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A Sympathy Protest: Simulations and Role Play as a Vehicle for Language, Culture and Content in the Language Classroom 

Simulations and role plays can be used to great effect in the World Language classroom. Students can take on the roles of characters in a historical event, a work of literature, or any story and, by taking on new identities, they can delve more deeply into diverse cultural perspectives. Accompanied by real-world tasks and critical thinking activities, simulations can be engaging, pedagogically sound, and fun! Below is information about one classroom simulation for intermediate Spanish students called "The Politics of Art - A Sympathy Protest." Included are resources for designing and developing a simulation or role play for your own classroom.



Resources for the "Politics of Art/Sympathy Protest" lesson

          Watch the video: In this lesson called “The Politics of Art,” students researched a contemporary Latin visual artist online, sent an email to the artist, and then took on the persona of the artist in a role-play exhibition of their art. The class then read and discussed a letter written by Colombian artists and intellectuals protesting recent changes in European immigration policies that required Colombians to acquire a visa to travel to Spain. Next students were told that they were members of a fictitious group, “Cooperativa de Artistas Panamericanos” that was invited to show their work at a major exhibition in Spain. Students discussed and debated the topic and formed small groups based on whether they sympathized or not with the Colombian protesters. After debating all points, students decided that the Cooperative would boycott the Spanish exhibition in support of the Colombian protest. As a culminating activity, students wrote a new letter to the Spanish government to explain and support their reasoning for their boycott.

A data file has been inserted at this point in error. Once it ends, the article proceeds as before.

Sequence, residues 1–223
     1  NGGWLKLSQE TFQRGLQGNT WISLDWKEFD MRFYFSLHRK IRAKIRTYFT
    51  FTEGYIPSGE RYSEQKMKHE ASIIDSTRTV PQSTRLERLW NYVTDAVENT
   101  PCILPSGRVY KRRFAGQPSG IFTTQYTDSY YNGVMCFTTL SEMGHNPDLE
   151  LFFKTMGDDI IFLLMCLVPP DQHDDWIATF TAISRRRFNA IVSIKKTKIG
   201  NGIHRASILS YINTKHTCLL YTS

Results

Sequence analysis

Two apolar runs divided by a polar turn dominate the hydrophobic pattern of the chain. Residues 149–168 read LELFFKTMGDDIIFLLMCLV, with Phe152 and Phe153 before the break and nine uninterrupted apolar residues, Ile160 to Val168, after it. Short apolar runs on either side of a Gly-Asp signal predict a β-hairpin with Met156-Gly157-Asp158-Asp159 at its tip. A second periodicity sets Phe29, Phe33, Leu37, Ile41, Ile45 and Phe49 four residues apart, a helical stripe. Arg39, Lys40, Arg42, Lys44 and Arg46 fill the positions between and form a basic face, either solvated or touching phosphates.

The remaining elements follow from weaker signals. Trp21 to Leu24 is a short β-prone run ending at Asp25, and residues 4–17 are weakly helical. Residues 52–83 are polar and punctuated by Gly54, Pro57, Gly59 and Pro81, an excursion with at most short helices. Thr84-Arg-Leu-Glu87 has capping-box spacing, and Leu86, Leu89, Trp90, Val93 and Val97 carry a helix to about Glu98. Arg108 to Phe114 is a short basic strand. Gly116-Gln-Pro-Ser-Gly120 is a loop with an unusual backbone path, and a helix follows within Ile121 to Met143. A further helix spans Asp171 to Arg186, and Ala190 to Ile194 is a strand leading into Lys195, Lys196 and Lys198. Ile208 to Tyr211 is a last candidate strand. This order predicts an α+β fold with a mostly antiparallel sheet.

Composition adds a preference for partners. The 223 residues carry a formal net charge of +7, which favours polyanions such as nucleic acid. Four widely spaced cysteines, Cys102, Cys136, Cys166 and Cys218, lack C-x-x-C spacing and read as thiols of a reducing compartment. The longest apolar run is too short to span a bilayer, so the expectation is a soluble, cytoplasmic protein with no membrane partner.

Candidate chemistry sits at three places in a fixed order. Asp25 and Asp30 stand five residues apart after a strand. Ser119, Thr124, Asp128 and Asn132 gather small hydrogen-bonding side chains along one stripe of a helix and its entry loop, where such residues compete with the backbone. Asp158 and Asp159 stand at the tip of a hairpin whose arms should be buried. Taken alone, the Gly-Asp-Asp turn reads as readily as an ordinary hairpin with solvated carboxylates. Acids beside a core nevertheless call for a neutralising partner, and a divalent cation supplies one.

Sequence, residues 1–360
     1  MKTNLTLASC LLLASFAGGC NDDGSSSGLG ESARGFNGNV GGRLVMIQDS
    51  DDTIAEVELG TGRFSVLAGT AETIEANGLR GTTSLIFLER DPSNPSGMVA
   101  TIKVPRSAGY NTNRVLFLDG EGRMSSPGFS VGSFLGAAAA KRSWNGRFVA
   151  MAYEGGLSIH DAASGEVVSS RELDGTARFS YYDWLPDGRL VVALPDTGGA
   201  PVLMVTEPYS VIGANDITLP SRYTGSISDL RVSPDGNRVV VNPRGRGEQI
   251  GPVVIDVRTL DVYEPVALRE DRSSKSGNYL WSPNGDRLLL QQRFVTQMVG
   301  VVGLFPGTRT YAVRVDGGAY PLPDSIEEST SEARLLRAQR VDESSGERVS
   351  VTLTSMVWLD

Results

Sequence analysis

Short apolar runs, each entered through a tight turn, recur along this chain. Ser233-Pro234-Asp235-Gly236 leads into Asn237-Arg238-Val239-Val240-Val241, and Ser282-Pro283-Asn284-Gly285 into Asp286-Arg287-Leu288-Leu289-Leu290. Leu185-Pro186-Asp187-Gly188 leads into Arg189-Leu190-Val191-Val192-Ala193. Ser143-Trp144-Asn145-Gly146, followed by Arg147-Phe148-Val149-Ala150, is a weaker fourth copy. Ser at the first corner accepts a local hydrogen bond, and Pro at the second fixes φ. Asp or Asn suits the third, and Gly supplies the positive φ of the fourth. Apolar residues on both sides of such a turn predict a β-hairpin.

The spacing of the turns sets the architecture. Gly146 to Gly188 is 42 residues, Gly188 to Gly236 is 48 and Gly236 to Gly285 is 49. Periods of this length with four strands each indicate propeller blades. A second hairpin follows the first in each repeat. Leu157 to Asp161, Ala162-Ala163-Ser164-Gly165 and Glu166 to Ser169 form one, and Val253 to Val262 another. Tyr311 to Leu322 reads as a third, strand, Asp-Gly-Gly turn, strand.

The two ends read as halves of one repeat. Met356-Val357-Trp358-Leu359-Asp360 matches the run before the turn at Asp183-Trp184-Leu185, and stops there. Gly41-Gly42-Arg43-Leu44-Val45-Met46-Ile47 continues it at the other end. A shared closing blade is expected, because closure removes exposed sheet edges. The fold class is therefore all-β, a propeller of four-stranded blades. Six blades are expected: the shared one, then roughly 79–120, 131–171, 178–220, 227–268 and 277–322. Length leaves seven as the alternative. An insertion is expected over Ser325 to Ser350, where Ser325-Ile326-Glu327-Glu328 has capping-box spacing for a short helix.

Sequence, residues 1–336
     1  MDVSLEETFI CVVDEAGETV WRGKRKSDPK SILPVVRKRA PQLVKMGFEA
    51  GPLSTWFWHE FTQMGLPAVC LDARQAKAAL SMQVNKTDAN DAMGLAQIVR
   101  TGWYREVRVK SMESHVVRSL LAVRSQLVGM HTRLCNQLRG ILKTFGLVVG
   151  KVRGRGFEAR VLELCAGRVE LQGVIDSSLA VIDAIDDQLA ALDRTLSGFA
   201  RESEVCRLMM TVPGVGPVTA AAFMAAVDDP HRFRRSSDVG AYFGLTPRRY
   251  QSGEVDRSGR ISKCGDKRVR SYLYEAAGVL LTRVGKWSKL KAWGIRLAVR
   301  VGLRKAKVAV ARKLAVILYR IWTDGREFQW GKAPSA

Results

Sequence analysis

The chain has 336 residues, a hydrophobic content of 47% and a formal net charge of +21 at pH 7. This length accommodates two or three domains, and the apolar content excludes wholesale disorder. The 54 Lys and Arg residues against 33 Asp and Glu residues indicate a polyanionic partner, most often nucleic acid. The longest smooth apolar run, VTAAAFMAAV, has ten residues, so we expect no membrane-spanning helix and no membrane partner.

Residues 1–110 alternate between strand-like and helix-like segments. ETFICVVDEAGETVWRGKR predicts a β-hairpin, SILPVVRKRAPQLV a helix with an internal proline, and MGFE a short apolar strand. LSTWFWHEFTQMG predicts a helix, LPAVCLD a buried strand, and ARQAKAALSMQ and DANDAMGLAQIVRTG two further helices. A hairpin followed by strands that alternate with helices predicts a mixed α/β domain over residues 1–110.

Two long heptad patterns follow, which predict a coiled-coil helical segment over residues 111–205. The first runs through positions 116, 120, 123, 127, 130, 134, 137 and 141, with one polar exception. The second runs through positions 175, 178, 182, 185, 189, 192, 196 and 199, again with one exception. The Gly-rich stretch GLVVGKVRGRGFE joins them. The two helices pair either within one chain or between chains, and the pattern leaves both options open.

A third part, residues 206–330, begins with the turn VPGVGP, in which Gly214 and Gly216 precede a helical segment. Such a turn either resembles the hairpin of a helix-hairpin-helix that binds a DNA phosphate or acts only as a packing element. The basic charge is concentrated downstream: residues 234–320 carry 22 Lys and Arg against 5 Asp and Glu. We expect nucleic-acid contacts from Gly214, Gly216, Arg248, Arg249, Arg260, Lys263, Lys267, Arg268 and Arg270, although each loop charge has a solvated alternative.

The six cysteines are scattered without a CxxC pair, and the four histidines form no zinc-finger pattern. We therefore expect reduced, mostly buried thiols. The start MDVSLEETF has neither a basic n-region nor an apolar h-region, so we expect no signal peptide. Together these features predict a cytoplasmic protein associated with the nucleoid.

Using Simulations and Role Plays in the Language Classroom